Landscaping For Life

Catbird by Al Smith

Start Your Own Habitat Garden To Attract more Birds and Butterflies

by Mitch Leachman
Executive Director
St. Louis Audubon Society

It all began almost 10 years ago, after I had moved into this my first house. A friend suggested a few plants, all Missouri natives, for a bed along the driveway. When complete, we had installed aster, coneflower, coreopsis, milkweed and penstemon, 20 plants at most, where only irises and daylilies had been previously.

Those few plants have been a source for countless fascinating and inspiring moments ever since. The asters in full fall bloom draw a myriad of native bees. I look forward to my near-daily lunch time visits from my home office to meditate with them—green ones, yellow, black or orange, honeybees and bumble bees, even blue ones—yes, I said BLUE! I take pictures, study them; they fly around and next to me. I have never been stung or ever felt threatened. I also recall the first time I saw goldfinches extracting the seed from the coneflowers toward the end of a long summer. I had just come up the driveway in the car and sat there watching, not wanting to get out and disturb them. Bird feeding by native plant—how cool is that!

In the years since, I’ve added more native plants and removed nearly all the invasive bush honeysuckle at the back of the lot. Now, instead of a plain, uniform wall of honeysuckle, I have an interesting variety of native shrubs including beautyberry, currant, ninebark and sumac. The currant is in bloom as I write, bright yellow and oh how fragrant. It is an important nectar source for early-arriving hummingbirds. The beautyberry will yield bright purple berries this fall, and I will again be on watch for the return of the catbirds and thrashers as they stop to feed on the fruit in advance of their southbound migration. The catbird got named from its “mew” call note—a sound I now anticipate through open windows in the early fall. Bird watching AND feeding courtesy of natives I planted!

I’ve known for quite some time that small patches of habitat are important for our native birds, butterflies and such. News reports, online posts and broadcasts regularly tell tales of endangered plants and animals and habitat lost to development of some sort. Then, just two years ago I was encouraged to read Bringing Nature Home by Doug Tallamy, an entomologist who has studied plant-eating insects for decades. He states that installing native plants within our personal landscapes at home and work is imperative to reverse those declines. In short, native plants provide food for native insects which are an essential protein source for 96% of all our land birds, including every Missouri songbird.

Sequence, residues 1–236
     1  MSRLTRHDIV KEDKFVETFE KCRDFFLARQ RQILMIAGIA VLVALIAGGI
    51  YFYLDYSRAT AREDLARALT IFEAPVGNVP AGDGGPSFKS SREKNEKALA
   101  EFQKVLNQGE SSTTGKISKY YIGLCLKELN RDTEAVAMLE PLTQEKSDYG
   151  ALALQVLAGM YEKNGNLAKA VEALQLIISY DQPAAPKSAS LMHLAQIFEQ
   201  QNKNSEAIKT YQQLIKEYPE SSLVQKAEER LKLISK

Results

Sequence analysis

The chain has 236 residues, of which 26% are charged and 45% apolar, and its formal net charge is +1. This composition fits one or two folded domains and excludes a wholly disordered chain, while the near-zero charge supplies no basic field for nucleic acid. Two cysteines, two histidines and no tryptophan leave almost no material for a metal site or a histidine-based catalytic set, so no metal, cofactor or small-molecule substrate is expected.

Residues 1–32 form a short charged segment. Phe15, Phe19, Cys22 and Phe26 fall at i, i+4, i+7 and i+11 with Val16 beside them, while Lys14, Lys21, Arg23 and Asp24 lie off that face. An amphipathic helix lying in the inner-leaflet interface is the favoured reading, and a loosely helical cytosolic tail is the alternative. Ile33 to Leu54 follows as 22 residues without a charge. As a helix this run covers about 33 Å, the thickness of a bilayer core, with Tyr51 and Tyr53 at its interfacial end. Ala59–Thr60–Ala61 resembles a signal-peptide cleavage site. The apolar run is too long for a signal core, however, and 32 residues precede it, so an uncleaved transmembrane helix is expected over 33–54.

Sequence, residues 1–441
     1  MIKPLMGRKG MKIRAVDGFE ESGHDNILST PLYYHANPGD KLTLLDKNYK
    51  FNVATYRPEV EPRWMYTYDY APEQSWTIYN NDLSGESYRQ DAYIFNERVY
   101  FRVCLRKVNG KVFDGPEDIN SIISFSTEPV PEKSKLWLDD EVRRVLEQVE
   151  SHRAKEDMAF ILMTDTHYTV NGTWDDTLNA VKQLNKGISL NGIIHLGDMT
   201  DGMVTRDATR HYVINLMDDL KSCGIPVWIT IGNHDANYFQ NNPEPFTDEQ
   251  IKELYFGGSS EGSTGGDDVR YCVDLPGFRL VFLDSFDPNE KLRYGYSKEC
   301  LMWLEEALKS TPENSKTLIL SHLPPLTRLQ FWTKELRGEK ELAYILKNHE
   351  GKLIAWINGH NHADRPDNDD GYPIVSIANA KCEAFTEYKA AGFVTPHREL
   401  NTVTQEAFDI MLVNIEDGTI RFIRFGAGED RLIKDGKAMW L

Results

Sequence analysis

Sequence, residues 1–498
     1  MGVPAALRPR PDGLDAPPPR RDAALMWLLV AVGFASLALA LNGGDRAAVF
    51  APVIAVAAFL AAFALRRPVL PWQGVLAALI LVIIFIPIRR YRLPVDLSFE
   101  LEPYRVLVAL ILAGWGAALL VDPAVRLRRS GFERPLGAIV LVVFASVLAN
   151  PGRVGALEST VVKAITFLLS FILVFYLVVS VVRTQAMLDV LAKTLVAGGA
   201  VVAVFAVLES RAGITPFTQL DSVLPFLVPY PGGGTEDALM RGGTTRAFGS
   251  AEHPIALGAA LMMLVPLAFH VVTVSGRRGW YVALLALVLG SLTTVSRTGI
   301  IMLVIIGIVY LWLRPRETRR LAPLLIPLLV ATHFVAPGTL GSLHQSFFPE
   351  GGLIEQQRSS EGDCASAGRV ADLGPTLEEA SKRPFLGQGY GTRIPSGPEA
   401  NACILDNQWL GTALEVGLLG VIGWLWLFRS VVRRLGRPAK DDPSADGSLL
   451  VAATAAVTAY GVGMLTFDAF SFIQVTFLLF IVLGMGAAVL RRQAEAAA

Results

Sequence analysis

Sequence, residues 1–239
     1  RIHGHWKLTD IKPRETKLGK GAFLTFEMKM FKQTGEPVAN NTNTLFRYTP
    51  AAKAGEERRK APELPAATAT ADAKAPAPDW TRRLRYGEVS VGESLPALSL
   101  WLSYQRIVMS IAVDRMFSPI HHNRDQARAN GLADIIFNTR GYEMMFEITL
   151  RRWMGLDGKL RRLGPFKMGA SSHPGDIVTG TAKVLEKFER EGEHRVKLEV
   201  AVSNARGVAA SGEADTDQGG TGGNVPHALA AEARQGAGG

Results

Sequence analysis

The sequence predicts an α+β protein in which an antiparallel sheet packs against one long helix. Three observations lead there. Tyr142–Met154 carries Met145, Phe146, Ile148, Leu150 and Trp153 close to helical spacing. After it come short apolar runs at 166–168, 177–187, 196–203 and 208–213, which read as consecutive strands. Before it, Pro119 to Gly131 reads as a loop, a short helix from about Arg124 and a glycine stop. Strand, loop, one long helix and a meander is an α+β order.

Just think about that. Cardinals, goldfinches and even hummingbirds eat insects. They must. Their babies need protein to build muscle and bone; seeds and nectar alone won’t cut it. But a juicy plant-eating caterpillar packs lots of protein, more per pound than beef.

Makes sense for a small bird to look for a tiny package of protein. Funny thing is lots of other animals eat insects, too—reptiles, amphibians, foxes, owls and even fish! Of course, the fish aren’t in most neighborhoods, but all the rest could be.

Take a look at your home, your workplace, your worship house. Is there room for a habitat garden? I started with just 60 square feet—not much at all. Are you hungry for something more in your landscape, more inspiring than turf grass or ivy? Perhaps hummingbirds and butterflies or catbirds and tree frogs. If creating a living landscape sounds daunting, there are plenty of resources available including the Bring Conservation Home program from St. Louis Audubon. Just visit www.stlouisaudubon.org/BCH for details. The birds and butterflies will thank you, and you’ll be glad you did.

For more information please contact the St. Louis Audubon Society, www.stlouisaudubon.org or call 314-599-7390.